kell troo-VAH-yuh! Click below to hear this.
What a find!
Some people just have a knack for finding the right gift for a person. Seeing the face of the recipient opening a gift like that is priceless! And the best gifts don’t have to be expensive. The nice thing about a trouvaille is that it can be a valuable antique uncovered in a flea market, a clever idea, a brilliant solution to a problem–or the very thing that the recipient would have wished for, if they had known it existed. It is simply something you have found, since trouver means to find.
So here are a couple of ideas that may have someone in your family exclaiming “Quelle trouvaille!”
For the toddler: Take photos of family members, especially ones that live far away. Laminate them, punch a hole in the corner of each, and hang them from a split-ring keyring. Presto, a “book” that your toddler can chew on while learning the faces and names of the extended family.Be sure to include the little one him or herself, as well as the family dog!
For the new baby: Ask your local hardware store if they have a supply of mis-made keys. Pick out a handful, have them grind the keys down to soften the edges, and thread them on a split-ring keyring. Wash and give to the baby. They jingle just like real keys, so mama’s and papa’s keys won’t disappear anymore! (Hint: when our children were small, we never allowed them to play with the house and car keys, or with our eyeglasses. Not toys!)
For the grade-school child who has just learned to write: A packet of pretty thank-you notes with envelopes, stamps, and a pen in his or her favorite color. Teaching them early to write thank-you notes is the only way to make it stick.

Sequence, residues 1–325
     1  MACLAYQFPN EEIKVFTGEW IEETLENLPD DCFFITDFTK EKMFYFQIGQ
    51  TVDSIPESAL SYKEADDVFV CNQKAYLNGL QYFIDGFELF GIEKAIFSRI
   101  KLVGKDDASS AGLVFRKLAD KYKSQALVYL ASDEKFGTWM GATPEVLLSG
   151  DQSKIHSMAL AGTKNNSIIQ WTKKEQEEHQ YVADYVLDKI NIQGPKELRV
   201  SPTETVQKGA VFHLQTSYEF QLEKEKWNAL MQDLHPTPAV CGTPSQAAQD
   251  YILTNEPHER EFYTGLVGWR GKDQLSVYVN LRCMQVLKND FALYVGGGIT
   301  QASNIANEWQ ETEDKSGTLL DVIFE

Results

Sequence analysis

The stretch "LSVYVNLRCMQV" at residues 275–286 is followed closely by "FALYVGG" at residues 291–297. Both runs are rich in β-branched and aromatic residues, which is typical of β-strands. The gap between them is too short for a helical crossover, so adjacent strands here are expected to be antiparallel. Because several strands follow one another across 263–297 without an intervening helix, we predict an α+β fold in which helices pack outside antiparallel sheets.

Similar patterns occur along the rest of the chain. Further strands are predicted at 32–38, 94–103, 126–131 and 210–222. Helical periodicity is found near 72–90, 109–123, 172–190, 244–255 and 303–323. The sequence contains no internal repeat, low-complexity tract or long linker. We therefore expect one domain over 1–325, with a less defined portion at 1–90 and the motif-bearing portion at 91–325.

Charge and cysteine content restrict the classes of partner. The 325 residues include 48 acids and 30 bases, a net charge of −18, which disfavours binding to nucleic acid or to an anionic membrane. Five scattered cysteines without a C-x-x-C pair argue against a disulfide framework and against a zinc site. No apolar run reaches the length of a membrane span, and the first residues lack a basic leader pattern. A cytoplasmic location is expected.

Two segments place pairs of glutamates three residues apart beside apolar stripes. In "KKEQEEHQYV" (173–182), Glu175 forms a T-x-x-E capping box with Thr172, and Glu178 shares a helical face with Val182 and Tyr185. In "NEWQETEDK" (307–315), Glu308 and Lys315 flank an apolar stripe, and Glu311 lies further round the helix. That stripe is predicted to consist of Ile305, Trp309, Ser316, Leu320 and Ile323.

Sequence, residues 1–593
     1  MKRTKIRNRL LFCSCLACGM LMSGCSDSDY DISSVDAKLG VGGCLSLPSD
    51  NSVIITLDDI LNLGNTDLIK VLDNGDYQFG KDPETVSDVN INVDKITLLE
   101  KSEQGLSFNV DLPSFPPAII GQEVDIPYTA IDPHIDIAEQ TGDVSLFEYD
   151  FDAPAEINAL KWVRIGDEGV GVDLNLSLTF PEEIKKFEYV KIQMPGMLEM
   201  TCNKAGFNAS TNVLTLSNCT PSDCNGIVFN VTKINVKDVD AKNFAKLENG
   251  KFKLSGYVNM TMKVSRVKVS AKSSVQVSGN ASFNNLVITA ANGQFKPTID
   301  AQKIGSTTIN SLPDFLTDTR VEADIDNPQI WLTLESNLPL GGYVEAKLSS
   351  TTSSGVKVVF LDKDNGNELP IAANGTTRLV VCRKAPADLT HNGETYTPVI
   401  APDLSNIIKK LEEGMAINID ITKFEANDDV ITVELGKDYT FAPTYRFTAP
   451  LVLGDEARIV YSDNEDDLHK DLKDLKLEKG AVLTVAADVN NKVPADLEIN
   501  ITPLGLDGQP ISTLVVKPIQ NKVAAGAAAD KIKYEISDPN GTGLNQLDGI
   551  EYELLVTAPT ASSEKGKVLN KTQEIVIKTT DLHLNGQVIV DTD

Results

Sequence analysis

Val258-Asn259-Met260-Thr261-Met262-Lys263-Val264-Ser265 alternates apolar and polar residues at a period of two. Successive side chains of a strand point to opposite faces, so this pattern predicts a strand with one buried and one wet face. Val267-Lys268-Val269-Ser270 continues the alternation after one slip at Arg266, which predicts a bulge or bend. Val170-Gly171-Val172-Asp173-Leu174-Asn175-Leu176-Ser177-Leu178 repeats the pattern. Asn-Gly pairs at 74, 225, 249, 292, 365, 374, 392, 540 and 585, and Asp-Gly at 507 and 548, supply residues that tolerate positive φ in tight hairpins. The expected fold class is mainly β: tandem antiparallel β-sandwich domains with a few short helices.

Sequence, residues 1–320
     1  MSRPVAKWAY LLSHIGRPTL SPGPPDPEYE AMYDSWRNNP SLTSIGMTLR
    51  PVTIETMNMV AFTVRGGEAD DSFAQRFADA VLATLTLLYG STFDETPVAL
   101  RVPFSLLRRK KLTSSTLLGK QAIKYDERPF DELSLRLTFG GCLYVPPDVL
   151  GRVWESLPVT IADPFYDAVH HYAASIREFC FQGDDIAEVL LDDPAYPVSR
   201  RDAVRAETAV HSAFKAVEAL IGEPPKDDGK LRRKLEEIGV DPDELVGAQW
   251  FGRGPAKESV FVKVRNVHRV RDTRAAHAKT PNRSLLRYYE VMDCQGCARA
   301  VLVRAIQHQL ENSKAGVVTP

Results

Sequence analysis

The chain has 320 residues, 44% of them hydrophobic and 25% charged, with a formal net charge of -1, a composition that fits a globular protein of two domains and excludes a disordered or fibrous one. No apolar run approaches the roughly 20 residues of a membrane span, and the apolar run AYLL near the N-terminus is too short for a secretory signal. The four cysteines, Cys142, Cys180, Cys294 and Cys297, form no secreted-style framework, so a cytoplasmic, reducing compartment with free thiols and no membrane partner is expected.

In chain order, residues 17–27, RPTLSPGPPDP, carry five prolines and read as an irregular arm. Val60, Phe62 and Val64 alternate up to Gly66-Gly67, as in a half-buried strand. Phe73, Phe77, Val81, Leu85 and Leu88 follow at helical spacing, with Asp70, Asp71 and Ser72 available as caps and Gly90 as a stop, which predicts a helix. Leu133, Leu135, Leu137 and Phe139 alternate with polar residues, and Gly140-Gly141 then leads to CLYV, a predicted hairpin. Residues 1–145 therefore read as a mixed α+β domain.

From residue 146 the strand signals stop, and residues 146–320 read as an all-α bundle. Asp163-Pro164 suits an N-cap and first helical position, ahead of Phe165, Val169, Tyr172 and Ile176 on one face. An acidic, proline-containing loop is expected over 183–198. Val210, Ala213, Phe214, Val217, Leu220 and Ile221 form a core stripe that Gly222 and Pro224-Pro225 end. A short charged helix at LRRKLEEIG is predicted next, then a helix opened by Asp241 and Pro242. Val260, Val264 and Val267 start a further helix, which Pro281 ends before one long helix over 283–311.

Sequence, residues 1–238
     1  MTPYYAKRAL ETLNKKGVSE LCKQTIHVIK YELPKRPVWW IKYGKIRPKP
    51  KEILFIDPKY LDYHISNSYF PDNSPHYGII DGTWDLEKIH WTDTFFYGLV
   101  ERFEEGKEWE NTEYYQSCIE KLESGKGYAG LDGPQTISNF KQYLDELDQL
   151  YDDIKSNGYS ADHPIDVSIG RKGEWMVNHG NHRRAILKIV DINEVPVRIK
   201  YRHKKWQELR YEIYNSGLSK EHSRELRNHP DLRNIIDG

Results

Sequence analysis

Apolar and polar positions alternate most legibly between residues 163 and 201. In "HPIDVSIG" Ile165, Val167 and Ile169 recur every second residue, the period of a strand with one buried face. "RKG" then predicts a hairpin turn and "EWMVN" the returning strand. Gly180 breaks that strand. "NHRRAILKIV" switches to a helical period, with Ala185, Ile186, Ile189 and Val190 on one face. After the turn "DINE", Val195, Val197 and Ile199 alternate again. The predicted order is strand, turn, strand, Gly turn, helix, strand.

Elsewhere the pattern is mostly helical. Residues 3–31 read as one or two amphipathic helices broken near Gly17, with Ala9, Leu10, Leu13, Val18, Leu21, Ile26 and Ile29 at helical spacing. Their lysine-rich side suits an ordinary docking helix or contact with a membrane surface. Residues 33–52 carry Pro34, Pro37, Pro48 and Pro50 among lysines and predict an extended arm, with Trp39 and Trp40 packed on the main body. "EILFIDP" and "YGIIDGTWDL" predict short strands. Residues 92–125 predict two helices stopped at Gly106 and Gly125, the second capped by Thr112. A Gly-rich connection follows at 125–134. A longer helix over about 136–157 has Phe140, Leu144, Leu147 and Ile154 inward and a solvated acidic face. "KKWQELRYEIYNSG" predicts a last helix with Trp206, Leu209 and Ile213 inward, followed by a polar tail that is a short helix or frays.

For almost any child: a box of office supplies: round “dot” stickers, sticky notes in various sizes and shapes, a folio with a pad of paper, giant paper clips in different colors, a cool ruler, sturdy alphabet stencils (the kind people use for lettering), stick-on letters and shapes…. Use your imagination!
For the retirement-age adult: At this age, we start thinking about what we can get rid of. To quote my Mother (approximately), “We don”t want anything that needs eating, dusting, hanging, watering, or feeding.” Your folks may feel differently, but when people start to think about retirement, they usually also start thinking about downsizing. Do these people a favor and respect their wishes. Give a gift to a charity, in their name, that you and they believe in. One good option is a gift to UMCOR, the United Methodist Committee on Relief. You don’t have to be a United Methodist at all to love what they do. Every penny that you donate goes for disaster relief. Not 90%, not 99%. Every penny. It’s not about proselytizing, or preaching. It’s about loving our neighbors, no matter how far away they may be. To learn more, go to www.umcor.org.
And someone (if they speak French, at least) is likely to exclaim: Quelle trouvaille! What a brilliant idea!
Alternate audio file link: quelle-trouvaille